The gap between event results and other coverage was particularly marked among UK respondents; nearly three-quarters said they would check results on their mobiles, while less than 40 percent planned to read articles or look at medal counts there. Clearly, mobile device technology was much less advanced in 2008.

That being said, now just consider how today's mobile handsets -- that offer far better text, graphics and UI -- will enhance the interactive digital experience.

"With weeks to go before the games, it’s too soon to know which advertisers will score big wins, which social campaigns will catch fire, and which mobile strategies will capture the public imagination," said von Abrams. "But the outlook for digital marketing during London 2012 highlights trends of relevance to brand owners everywhere, especially those who rely on event sponsorship or tie-ins to generate impact."

Behind the scenes, there's a purpose-built intelligent network that's the essential communications foundation for London 2012 event venues. The ICT infrastructure that has been deployed will surely make this "the most connected sporting event the world has ever seen."

Friday, July 06, 2012

How Small Cells are Transforming Mobile Networks

Cell-based mobile networks are going through a global metamorphosis -- driven by the emergence of small cell technology deployments. Informa Telecoms & Media issued its latest quarterly small cell market status report, which highlights growing network operator interest in public access small cells as well as progress in the femtocell market.

Their report also highlights that small cells will outnumber all macrocells globally during Q4 2012 and that femtocells (aka residential small cells) alone will outnumber all macrocells shortly afterwards in Q1 2013.

In the public access market, SK Telecom has successfully started rolling out the world's first LTE small cell deployment while AT&T, Sprint and China Mobile have all committed to rolling out 3G small cell services -- AT&T and Sprint plan to launch later this year.

Verizon Wireless also announced its intention to launch LTE public access small cells in the future while Sprint is planning to roll out its first LTE designs at the end of the year. All these operators have chosen to proceed with public access services following their successful femtocell offerings.

The femtocell market was recently buoyed by the news that Telefónica plans to deploy the technology across its European and South American territories while China Mobile, the world's largest mobile operator by subscribers, has also begun its own rollout.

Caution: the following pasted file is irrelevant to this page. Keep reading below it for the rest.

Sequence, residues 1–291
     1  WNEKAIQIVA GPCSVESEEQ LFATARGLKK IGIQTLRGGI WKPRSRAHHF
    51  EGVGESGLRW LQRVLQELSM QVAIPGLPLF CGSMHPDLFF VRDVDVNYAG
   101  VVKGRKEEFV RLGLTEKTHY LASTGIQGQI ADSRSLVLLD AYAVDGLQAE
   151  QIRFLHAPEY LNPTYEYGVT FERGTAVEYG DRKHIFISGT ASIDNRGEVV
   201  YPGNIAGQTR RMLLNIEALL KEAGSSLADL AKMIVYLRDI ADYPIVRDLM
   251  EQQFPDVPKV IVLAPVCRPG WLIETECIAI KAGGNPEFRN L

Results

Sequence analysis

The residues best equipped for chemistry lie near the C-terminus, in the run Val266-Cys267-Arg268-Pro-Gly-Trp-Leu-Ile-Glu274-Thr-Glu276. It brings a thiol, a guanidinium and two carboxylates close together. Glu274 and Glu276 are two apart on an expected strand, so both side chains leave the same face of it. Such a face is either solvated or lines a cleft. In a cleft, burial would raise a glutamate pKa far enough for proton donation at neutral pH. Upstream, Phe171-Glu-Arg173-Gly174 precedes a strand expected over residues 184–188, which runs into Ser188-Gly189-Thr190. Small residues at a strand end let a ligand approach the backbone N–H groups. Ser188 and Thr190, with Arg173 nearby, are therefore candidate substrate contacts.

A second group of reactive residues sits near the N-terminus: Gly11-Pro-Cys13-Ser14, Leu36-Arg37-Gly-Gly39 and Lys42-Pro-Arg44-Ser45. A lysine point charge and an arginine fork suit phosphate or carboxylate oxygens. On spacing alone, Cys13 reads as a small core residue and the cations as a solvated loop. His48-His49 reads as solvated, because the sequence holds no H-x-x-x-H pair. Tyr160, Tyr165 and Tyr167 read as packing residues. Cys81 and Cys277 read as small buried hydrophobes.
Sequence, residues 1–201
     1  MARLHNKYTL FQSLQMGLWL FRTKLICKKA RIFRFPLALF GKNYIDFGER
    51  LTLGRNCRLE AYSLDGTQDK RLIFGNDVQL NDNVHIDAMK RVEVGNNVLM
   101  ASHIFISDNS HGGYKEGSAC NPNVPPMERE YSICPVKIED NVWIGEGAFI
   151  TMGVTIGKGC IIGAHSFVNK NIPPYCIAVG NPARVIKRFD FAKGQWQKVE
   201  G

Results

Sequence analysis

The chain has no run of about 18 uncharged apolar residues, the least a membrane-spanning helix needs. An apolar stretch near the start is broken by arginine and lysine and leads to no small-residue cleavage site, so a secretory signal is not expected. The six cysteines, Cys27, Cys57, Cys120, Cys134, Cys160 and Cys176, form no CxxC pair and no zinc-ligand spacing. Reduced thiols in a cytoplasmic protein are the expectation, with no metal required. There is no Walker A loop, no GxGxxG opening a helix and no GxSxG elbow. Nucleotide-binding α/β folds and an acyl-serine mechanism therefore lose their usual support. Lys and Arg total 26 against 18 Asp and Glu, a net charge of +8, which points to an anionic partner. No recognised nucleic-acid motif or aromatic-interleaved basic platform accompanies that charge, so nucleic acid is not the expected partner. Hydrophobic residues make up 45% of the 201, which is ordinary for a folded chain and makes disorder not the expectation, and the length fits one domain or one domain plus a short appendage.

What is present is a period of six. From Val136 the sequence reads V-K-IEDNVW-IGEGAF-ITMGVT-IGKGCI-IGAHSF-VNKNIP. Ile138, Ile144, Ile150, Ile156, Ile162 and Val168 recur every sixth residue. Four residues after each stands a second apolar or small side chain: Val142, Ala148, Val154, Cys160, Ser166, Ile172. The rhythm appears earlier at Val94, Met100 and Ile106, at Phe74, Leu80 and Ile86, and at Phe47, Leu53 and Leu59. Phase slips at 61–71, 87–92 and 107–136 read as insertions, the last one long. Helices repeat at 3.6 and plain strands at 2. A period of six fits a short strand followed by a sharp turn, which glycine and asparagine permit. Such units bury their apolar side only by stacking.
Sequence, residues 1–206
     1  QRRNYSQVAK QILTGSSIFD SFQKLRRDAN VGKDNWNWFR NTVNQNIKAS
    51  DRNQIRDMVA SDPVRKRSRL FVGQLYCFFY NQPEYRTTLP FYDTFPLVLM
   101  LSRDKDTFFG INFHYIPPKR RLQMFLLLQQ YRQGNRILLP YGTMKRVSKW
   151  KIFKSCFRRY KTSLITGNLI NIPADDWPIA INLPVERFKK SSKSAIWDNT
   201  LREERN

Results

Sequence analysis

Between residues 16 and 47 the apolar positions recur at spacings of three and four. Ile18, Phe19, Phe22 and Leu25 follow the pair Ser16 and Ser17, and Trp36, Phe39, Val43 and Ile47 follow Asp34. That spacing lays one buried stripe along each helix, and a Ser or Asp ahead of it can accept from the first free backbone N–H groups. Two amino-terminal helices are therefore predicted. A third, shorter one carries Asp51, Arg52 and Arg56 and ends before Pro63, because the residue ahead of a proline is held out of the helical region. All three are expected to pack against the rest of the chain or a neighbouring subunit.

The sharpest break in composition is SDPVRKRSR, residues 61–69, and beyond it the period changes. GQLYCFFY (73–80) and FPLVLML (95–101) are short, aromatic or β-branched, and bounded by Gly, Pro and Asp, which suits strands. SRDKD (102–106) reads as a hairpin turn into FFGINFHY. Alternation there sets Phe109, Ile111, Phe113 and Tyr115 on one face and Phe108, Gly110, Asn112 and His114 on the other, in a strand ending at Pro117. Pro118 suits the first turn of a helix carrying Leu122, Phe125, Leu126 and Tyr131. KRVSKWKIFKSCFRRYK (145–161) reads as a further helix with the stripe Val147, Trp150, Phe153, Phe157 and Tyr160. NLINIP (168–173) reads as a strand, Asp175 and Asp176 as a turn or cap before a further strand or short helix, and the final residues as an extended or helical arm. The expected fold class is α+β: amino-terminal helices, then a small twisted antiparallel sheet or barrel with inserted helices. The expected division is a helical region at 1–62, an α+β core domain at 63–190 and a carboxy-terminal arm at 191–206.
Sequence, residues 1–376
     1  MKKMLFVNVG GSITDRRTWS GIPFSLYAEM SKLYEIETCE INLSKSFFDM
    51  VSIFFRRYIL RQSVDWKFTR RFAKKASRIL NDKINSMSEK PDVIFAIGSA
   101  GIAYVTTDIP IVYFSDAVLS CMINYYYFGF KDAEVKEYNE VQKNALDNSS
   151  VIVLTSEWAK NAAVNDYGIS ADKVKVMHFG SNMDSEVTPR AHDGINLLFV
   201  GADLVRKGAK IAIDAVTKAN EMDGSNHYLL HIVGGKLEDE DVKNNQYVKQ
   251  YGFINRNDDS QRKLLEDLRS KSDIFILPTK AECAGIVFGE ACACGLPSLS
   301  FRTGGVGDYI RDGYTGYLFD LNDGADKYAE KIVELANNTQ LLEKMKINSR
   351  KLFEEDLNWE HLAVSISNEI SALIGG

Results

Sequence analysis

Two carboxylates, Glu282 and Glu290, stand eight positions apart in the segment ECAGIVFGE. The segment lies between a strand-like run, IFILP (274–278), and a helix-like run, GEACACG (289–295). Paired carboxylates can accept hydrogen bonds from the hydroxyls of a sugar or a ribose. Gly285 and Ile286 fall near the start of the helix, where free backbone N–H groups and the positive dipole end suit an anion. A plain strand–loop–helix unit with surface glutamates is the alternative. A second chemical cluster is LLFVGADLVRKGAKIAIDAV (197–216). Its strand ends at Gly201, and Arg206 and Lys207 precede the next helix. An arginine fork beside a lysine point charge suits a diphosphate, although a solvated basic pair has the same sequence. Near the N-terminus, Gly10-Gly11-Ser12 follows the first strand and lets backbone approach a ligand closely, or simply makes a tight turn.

Additionally, Sprint, has announced it has rapidly accelerated its femtocell deployment to a total of 600,000 units -- up from 250,000 units in 2011 -- making it one of the largest rollouts across the globe.

Femtocells constitute over 80 percent of the 4.6 million small cells currently deployed globally across the 41 operator deployments -- compared to 5.6 million conventional macrocells.

By the close of 2012, there will be 6.4 million small cells -- 86 percent of which will be femtocells -- thus outnumbering the predicted 6 million macrocells worldwide. Femtocells will alone outnumber all macrocells during Q1 2013.

“We are starting to see vendor-led public access small cell R&D turning into concrete operator deployment commitments. Over the past few months numerous major operators have announced 3G and LTE public access deployment plans – SK Telecom is undoubtedly leading the charge by already rolling out LTE devices," said Dimitris Mavrakis, principal analyst at Informa Telecoms & Media.

However, it is notable that all the network operators involved in this first wave of deployments have already rolled out femtocell services, so they are already accustomed to small cell challenges and how they can be overcome.

With major mobile network service provider groups, such as Telefónica and Telenor, preparing widespread femtocell launches in the near future we can expect deployment numbers to quickly rise -- especially if they are as committed as Vodafone Group.

The reason for growing interest in public access small cells is predominantly to provide additional capacity in busy metropolitan areas. This is demonstrated in a recent Small Cell Forum study which found that even a relatively conservative small cell deployment with 4 devices per macrocell would increase typical data rates by over 300 percent and offload 56 percent of data.

However, public access small cells could also have an impact in rural and developing markets. African operator RascomStar-QAF recently announced it is trialling the technology using satellite backhaul in the Congo -- this follows ongoing trials by Vodafone UK and a rural deployment by SoftBank in Japan.

4G LTE networks are expected to be the biggest adopter of small cells, which will be predominantly deployed for capacity and coverage in high traffic public areas. The survey also found that small cells are expected to become a mass-market phenomenon in 2014 and the key challenges holding them back are network backhaul and deployment issues -- such as local electrical power and the physical placement of the devices.